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Skin Care: Then and Now—Exfoliation

Lydia Sarfati September 2013 issue of Skin Inc. magazine

As the leaves begin changing color and the weather starts to shift into the fall season, it is the perfect time for renewal ... and what better way to help treat your clients’ skin then by giving it a fresh start. Exfoliation is an essential part of maintaining healthy, beautiful skin for your clients. This is not a new concept: In fact, the ancient Egyptians used abrasive tapes made with alabaster, honey and sour milk to exfoliate, and then abraded the skin with finely ground sand to keep it silky smooth. Luckily for today’s professional skin care clients, the beauty industry has advanced by leaps and bounds when it comes to exfoliation.

The early days of exfoliation

There have been phenomenal advancements in exfoliation techniques even since the early days of professional skin care in the United States. When thinking back on the methods used in the 1970s to force the creation of new, healthy skin cells for clients, it becomes apparent that it has truly been a journey. One of the main forms of exfoliation during that time was a method called gommage, which comes from the French word meaning “to erase.” This process involved applying an enzyme-based cream that would sit on the face for a few minutes until it dried and then the hardened cream would be rubbed away, just like an eraser. Although this was effective, much easier and less messy forms of exfoliation have come into play today.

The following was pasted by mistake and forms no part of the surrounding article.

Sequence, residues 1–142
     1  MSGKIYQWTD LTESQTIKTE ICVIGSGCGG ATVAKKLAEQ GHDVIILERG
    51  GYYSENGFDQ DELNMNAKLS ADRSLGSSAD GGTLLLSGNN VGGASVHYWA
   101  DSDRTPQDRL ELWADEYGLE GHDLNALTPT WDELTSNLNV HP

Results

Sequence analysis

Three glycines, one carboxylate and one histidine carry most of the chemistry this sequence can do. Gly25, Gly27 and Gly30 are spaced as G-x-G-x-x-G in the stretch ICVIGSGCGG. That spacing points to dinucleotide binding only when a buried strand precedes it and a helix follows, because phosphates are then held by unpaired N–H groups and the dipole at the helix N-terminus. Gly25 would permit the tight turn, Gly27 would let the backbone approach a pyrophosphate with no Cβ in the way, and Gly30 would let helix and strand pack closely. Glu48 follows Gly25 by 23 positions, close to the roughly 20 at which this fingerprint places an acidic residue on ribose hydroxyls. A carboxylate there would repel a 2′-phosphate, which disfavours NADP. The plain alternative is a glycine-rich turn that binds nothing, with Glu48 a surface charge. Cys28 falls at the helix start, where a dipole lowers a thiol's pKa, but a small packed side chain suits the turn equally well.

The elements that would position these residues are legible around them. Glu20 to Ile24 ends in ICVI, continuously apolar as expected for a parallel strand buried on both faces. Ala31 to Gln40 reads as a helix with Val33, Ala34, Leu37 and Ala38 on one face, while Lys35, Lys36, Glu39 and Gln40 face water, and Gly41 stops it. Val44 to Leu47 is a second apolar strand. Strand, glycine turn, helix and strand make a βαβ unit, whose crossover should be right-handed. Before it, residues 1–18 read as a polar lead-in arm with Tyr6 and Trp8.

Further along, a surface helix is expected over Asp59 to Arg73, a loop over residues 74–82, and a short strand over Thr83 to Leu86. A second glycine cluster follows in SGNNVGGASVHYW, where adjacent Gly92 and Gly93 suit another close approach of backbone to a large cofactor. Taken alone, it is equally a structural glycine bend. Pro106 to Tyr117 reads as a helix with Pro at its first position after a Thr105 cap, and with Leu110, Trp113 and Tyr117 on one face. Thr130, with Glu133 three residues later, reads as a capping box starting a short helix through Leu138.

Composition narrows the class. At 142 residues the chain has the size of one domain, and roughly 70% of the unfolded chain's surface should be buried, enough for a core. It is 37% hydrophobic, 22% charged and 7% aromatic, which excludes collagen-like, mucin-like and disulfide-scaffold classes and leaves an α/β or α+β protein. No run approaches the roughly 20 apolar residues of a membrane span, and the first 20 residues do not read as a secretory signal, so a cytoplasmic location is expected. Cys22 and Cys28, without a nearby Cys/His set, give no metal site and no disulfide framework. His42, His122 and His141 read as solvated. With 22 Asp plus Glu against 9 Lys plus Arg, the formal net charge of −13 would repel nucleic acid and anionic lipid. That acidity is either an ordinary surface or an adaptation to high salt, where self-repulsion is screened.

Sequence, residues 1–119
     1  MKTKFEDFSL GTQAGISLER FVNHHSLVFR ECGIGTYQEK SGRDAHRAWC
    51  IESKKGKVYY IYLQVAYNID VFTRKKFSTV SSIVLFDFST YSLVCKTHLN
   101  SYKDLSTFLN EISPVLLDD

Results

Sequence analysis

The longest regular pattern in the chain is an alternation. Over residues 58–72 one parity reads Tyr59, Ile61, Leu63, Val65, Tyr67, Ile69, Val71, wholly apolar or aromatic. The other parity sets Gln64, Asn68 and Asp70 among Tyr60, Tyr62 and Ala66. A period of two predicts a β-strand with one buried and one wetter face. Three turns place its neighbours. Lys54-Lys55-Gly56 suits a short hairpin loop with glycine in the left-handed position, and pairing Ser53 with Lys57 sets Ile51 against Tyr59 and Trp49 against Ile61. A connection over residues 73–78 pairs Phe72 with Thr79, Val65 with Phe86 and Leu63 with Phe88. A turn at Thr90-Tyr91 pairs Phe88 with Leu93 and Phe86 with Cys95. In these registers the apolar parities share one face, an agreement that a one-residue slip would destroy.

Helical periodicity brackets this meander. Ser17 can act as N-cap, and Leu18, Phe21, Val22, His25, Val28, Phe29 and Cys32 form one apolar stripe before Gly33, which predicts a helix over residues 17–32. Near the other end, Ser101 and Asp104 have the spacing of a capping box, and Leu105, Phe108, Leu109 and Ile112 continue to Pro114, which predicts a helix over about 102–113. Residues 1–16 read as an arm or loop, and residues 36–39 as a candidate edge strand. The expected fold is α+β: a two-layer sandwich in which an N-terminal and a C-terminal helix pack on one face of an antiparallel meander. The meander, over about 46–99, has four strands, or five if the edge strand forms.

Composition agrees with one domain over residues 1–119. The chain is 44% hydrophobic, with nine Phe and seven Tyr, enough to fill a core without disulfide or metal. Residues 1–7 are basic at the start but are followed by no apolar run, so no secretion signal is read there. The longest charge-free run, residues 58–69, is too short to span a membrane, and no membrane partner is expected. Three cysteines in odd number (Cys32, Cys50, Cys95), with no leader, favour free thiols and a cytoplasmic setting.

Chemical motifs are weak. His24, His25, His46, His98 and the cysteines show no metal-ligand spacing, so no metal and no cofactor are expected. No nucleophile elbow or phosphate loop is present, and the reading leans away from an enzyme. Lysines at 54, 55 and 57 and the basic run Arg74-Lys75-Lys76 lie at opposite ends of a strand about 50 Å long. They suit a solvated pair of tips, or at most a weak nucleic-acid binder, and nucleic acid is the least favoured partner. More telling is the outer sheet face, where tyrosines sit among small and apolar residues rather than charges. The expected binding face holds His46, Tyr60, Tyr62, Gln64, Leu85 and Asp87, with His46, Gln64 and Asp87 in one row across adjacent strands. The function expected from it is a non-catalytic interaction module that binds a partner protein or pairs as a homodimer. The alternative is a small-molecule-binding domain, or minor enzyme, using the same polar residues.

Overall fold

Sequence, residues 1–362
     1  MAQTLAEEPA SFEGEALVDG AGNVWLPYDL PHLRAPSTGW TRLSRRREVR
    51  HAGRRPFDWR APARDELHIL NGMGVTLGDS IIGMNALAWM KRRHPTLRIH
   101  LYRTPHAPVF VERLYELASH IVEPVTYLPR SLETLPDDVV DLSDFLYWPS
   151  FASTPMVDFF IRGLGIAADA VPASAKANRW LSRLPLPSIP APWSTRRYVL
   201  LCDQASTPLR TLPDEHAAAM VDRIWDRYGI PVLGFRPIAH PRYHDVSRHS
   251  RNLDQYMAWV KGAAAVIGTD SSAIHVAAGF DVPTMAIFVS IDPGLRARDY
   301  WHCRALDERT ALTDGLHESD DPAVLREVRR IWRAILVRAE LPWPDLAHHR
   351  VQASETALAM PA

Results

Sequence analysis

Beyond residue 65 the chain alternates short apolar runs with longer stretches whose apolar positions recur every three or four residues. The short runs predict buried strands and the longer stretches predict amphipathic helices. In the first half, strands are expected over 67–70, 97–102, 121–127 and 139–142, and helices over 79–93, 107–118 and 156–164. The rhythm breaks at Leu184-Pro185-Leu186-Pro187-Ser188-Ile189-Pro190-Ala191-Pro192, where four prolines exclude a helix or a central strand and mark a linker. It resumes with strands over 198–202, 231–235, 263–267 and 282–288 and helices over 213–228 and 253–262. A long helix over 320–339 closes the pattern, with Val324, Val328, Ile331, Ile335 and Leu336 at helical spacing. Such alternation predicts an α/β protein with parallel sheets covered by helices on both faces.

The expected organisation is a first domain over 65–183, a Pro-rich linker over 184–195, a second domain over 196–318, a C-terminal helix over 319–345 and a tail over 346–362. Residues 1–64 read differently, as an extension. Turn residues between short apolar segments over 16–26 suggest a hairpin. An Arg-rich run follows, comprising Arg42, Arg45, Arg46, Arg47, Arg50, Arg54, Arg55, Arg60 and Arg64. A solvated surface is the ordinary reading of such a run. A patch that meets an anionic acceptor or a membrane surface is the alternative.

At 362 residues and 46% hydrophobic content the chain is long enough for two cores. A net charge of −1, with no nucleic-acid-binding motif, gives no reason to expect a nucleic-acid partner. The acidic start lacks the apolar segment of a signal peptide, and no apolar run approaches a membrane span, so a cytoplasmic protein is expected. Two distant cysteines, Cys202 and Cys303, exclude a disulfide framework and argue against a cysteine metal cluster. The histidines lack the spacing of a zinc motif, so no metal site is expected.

I also used to mix together granule concoctions of almonds, honey, oatmeal and buttermilk that would leave clients’ skin nice and smooth. Little did I know, I was actually using alpha hydroxy acids (AHAs), which are now used regularly in the esthetics world. To help get rid of dead skin cells even further, other common kitchen items were often used, such as sugar, lemon and oil. Many of these ingredients are actually still used in exfoliants today, but the formulations have become so much more advanced. This time period laid the foundation for future advancements. Along with topical products, estheticians would use electric brushes and pumice stones, which seemed advanced at the time.

The evolution of chemical peels

While estheticians were using these exfoliation methods, physicians were performing one the strongest types of chemical peels—phenol—which could remove all the pigment from the skin and leave patients needing strong sun protection for the rest of their lives. This treatment was highly effective at the time, but very risky.